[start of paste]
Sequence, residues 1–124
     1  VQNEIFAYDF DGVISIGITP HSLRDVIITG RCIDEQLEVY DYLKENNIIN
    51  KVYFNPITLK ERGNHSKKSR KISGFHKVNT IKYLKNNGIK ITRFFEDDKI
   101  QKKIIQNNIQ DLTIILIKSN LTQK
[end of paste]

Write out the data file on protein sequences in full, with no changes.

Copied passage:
Sequence, residues 1–124
     1  VQNEIFAYDF DGVISIGITP HSLRDVIITG RCIDEQLEVY DYLKENNIIN
    51  KVYFNPITLK ERGNHSKKSR KISGFHKVNT IKYLKNNGIK ITRFFEDDKI
   101  QKKIIQNNIQ DLTIILIKSN LTQK